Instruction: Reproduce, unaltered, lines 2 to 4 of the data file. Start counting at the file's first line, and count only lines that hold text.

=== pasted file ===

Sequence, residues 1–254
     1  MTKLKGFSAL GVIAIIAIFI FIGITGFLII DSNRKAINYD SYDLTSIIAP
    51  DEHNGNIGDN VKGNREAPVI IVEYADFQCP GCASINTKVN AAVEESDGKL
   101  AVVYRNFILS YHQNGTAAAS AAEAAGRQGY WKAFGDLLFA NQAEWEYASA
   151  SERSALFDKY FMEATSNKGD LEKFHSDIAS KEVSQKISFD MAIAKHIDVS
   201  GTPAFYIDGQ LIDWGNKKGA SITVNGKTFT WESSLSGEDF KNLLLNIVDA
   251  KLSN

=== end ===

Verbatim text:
     1  MTKLKGFSAL GVIAIIAIFI FIGITGFLII DSNRKAINYD SYDLTSIIAP
    51  DEHNGNIGDN VKGNREAPVI IVEYADFQCP GCASINTKVN AAVEESDGKL
   101  AVVYRNFILS YHQNGTAAAS AAEAAGRQGY WKAFGDLLFA NQAEWEYASA